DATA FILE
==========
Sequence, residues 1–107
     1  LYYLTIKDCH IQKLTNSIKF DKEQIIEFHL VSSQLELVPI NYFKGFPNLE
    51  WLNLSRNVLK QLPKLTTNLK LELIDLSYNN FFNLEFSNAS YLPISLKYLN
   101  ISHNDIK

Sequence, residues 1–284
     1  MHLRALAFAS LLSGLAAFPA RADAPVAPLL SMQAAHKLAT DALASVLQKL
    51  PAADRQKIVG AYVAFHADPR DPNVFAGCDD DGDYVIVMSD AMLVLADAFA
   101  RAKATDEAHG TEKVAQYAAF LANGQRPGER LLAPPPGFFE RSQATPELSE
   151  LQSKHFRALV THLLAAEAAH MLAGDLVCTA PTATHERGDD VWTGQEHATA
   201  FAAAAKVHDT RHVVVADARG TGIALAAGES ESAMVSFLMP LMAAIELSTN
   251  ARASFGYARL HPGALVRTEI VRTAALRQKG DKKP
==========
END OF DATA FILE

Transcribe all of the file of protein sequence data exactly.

Sequence, residues 1–107
     1  LYYLTIKDCH IQKLTNSIKF DKEQIIEFHL VSSQLELVPI NYFKGFPNLE
    51  WLNLSRNVLK QLPKLTTNLK LELIDLSYNN FFNLEFSNAS YLPISLKYLN
   101  ISHNDIK

Sequence, residues 1–284
     1  MHLRALAFAS LLSGLAAFPA RADAPVAPLL SMQAAHKLAT DALASVLQKL
    51  PAADRQKIVG AYVAFHADPR DPNVFAGCDD DGDYVIVMSD AMLVLADAFA
   101  RAKATDEAHG TEKVAQYAAF LANGQRPGER LLAPPPGFFE RSQATPELSE
   151  LQSKHFRALV THLLAAEAAH MLAGDLVCTA PTATHERGDD VWTGQEHATA
   201  FAAAAKVHDT RHVVVADARG TGIALAAGES ESAMVSFLMP LMAAIELSTN
   251  ARASFGYARL HPGALVRTEI VRTAALRQKG DKKP